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A Little Sightseeing In Mumbai

Part 1: My Mumbai Mahjong Adventure
Part 2: Sightseeing in Mumbai


The guards at the Singhs' high-rise were drilled and marched under the hot sun. I took this photo through the bird netting (hung on the balcony to keep out the mynahs and other birds off the balcony).
The taxis are these really narrow black and yellow vehicles. They don't have side-view mirrors (the better for squeezing through tight spaces), and they have their meters outside (not inside the cab)! In fact, they're outside, and on the opposite side of the car from where the driver sits. In India, as in the UK and Japan, the driver sits on the right side of the car. So an Indian cabbie has to reach out the passenger window to turn the meter on and off. I think that's done to prevent cheating on fares, but that's just my uneducated guess.
On Saturday, March 21, Sushila assigned her servant, Padam, to take me on an excursion to Elephanta Island. We hopped on a boat at the Gateway of India.
Here we are, atop the boat.
Dig the scaffolding around the Gateway (like I said on the previous page, it's just routine maintenance, not 26/11 terrorist damage).
And a closeup of the inscription atop the Gateway.
The obligatory "and away we go" shot as we pull out into the harbor.
We passed by a Navy yard.
And this is Middle Ground, a small island on the way to Butcher Island. It looks like a munitions bunker or something (Google Maps says it used to be a naval museum). Padam asked me about the flag. He thought it was a British flag. But I said if you look real close, you can see the Indian flag in the corner. So I figured it was an Indian Navy ensign, and it turns out I was right about that.

We docked at Elephanta Island, took the little train to the foot of the trail, and headed up the trail in the heat.
Walking up the stone-stepped trail was certainly no more strenuous than climbing the Great Wall at Badaling. And it wasn't as bad as the climb back up from the stone Buddha in Chengdu. But looking back down when we got to the top, I noticed a brouhaha going on. Some porters were carrying people up.
I guess this Japanese lady...
... and her husband didn't feel like taking a hike.
How do I know they're Japanese? Because this monkey tried to make off with the gentleman's bag, and I spoke with him (the man, not the monkey). He (the man) (not the monkey) agreed (in Japanese) that he was indeed Japanese.
There are some very old and beautiful stone carvings inside the caves.
There are also tour guides.
Okay, well, it looks funny if I don't type something here.
Look at the size of this guy! (The statue, not me.)

(Note: images are all larger than seen here. You can right-click and Save As, to download the full image and view it in slightly larger glory.) (Note: for site storage reasons, the full-size images are not available on the Web.)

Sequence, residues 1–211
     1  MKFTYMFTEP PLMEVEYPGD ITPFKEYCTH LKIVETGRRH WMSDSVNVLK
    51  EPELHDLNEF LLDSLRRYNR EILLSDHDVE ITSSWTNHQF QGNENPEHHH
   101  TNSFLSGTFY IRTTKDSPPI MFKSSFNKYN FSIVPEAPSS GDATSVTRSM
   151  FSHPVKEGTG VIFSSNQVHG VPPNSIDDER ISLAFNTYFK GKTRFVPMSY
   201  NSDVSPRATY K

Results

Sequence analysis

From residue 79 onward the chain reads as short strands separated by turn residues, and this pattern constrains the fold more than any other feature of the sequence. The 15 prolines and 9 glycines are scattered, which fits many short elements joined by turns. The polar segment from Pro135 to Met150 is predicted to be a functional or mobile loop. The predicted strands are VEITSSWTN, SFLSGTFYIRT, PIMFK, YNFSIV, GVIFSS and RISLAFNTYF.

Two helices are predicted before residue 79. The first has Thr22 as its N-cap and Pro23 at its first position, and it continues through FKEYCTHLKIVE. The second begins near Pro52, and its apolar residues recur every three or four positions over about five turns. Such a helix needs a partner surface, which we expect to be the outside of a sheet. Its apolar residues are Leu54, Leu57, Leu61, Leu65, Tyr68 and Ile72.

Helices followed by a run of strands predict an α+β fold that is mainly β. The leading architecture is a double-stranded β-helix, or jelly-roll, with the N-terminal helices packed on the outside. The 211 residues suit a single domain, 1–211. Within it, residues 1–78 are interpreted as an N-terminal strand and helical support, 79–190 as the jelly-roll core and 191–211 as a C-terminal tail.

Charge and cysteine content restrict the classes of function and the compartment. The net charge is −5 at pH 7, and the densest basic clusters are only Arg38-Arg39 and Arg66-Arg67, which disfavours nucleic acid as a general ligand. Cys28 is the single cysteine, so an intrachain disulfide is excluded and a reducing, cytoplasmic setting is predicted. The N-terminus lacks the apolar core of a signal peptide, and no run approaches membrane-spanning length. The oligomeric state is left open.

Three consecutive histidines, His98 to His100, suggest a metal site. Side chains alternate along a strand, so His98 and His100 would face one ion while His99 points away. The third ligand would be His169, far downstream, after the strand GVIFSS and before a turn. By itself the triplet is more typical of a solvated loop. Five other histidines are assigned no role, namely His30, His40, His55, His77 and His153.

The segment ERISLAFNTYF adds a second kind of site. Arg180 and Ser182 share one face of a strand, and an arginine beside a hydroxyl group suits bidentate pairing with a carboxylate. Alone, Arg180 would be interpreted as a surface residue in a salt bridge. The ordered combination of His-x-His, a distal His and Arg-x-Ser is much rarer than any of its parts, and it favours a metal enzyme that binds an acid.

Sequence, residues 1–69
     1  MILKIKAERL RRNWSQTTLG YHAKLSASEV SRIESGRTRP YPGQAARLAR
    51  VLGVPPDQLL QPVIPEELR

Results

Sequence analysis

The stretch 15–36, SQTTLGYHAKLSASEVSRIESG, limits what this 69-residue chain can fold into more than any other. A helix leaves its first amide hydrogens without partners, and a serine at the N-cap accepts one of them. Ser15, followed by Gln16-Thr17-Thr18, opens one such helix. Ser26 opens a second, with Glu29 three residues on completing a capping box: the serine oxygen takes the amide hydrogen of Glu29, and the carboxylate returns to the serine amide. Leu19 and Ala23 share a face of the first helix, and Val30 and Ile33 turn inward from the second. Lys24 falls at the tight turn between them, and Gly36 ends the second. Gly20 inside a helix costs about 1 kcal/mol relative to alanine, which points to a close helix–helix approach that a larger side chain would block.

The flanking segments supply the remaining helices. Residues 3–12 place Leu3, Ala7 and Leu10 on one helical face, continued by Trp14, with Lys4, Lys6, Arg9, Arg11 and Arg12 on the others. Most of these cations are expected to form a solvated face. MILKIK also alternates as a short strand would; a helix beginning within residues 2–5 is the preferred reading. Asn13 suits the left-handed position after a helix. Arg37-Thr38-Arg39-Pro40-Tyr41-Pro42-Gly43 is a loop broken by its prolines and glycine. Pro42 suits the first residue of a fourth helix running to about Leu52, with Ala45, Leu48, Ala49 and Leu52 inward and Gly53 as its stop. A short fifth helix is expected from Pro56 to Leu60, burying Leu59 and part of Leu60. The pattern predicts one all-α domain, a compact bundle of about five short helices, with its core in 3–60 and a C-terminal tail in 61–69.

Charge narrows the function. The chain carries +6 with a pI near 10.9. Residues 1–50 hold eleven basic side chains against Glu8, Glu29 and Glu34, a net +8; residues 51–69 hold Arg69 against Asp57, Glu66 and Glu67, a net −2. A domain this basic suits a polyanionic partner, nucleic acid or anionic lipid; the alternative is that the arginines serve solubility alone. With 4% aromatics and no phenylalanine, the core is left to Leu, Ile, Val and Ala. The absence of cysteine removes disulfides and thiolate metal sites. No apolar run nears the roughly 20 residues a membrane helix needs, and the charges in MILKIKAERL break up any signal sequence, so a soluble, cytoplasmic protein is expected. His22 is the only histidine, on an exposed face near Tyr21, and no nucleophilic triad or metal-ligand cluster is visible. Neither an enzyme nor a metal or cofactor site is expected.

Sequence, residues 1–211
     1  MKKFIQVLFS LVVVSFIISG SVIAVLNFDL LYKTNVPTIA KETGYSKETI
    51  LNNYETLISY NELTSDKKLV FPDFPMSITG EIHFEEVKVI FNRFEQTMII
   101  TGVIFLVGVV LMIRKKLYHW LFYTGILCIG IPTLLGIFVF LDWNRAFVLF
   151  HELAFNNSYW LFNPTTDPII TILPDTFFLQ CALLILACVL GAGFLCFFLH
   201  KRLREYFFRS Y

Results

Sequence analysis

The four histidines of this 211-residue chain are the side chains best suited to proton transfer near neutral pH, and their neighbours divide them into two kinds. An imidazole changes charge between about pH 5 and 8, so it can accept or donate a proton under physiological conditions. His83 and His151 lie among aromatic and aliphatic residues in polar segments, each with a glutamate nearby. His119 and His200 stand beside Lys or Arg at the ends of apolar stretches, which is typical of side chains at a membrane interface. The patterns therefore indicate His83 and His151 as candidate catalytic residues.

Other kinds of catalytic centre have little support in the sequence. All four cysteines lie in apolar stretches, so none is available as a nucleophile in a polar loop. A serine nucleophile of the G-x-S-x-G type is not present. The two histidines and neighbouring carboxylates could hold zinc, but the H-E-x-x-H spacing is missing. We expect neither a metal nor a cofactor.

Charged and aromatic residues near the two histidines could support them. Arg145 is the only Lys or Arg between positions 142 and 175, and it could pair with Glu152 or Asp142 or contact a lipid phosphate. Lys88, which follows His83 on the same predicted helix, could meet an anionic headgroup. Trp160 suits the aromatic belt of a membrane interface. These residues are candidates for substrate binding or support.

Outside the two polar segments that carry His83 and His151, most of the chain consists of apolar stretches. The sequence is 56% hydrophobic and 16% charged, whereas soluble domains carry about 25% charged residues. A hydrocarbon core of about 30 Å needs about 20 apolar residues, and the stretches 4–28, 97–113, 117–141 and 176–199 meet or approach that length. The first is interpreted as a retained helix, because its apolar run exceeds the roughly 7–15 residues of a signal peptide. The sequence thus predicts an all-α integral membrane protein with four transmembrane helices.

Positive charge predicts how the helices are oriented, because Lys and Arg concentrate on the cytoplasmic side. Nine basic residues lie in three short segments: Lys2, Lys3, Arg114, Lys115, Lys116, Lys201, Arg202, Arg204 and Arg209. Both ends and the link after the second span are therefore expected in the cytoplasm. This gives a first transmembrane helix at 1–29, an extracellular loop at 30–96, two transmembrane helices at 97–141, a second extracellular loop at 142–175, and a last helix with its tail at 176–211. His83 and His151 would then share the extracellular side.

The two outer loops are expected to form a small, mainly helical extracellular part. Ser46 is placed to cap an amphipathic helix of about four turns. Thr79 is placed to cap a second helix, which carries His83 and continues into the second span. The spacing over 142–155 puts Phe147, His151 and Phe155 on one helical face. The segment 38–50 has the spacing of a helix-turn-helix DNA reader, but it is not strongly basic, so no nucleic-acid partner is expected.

The pillars are carved right out of the natural rock.
I like this picture. I mean, dig the colorful clothing of this Indian family.
There are several caves on the island, and each one has its own look. Here's Padam in cave #2, I think.
This cave is just pillars and rooms (no fancy statues).
Lots of monkeys on Elephanta Island.
Here's a Mama Monkey carrying her kidlet.
The monkeys enjoy getting treats from the tourists. Failing that, just hanging out with them.
They oughta call it Monkeya Island (we didn't see a single elephant).
There's a devotional altar inside cave #3 (or is it cave #4, I forget).

(Note: images are larger than seen here. You can right-click and Save As, to download the full image and view it in slightly larger glory.) (Note: for site storage reasons, the full-size images are not available on the Web.)

There's a statue in this one (cave #4?).

(Note: image is larger than seen here. You can right-click and Save As, to download the full image and view it in slightly larger glory.) (Note: for site storage reasons, the full-size images are not available on the Web.)

I think this is the last cave. (#5?)
Not much to see here. Move along!
Expectant monkey growling fiercely at the tourists. I said to him, "yes, yes. You're vicious."

(Note: image is larger than seen here. You can right-click and Save As, to download the full image and view it in slightly larger glory.) (Note: for site storage reasons, the full-size images are not available on the Web.)

And here we are, coming back towards cave #1 and the head of the trail. View down at the pier. Padam and I walked all the way down, all by ourselves (no porters for us. We're hardy, we are!).
Cave #1 is the best cave, so it has the best crowds.
Cement bags emplacement for a soldier to guard us from terrorists. Guess it was his day off.
So we headed back down the trail. More souvenir shopping here. The T-shirts I bought here were of poorer quality than the ones I bought in Colaba. Eh. What do you expect for two and a half dollars.
Here's another vicious monkey growling at the tourists. I ask you, is that any way to get treats?
A sculpture at the foot of the trail.
Sculpture, with garden. And peacocks (lower right).
And of course the obligatory Coca-Cola billboard.
The miniature train carries the latest victi... I mean tourists from the boat to the trail.
Sort of a boat junkyard going on here.
We just went ahead and walked, rather than wait for the mini-train. Guess I didn't mention that a relative of Padam's had come along with us on our excursion.
In the boat, heading back. See that arm sticking up from the hole down there? That's the boat's engineer.

The boat's captain would pull a string, which ran on pulleys down to the engine room. The string had some big washers tied on it, and when the string was pulled, the washers would clank. The number of clanks told the engineer what setting the captain wanted him to put the engine on.

(Note: image is larger than seen here. You can right-click and Save As, to download the full image and view it in slightly larger glory.) (Note: for site storage reasons, the full-size images are not available on the Web.)